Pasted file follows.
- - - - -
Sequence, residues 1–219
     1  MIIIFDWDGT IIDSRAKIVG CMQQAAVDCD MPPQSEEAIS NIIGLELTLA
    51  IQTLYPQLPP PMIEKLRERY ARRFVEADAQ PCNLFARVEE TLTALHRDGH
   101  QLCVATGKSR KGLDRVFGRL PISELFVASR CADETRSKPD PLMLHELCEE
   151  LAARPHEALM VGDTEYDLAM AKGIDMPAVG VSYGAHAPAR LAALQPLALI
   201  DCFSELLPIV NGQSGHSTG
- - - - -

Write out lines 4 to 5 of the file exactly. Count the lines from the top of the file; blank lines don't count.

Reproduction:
   101  QLCVATGKSR KGLDRVFGRL PISELFVASR CADETRSKPD PLMLHELCEE
   151  LAARPHEALM VGDTEYDLAM AKGIDMPAVG VSYGAHAPAR LAALQPLALI